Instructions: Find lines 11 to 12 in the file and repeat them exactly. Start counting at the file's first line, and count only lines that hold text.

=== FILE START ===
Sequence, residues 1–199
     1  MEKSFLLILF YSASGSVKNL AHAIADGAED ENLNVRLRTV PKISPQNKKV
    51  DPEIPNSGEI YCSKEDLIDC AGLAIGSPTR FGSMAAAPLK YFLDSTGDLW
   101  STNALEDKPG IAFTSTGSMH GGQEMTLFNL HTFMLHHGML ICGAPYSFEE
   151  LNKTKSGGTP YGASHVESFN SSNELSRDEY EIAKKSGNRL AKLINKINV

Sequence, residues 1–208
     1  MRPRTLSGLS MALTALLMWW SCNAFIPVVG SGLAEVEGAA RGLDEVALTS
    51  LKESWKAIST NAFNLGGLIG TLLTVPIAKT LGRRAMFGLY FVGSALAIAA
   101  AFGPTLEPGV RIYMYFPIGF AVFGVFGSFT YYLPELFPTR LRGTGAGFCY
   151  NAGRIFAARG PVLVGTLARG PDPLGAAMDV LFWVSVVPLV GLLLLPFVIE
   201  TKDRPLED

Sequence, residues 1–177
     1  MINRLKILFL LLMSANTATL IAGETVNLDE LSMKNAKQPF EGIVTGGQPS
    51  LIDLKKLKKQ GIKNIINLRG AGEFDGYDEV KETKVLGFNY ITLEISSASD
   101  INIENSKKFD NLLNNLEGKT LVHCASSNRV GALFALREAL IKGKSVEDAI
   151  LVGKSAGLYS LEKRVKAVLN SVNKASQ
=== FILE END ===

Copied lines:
   201  TKDRPLED

Sequence, residues 1–177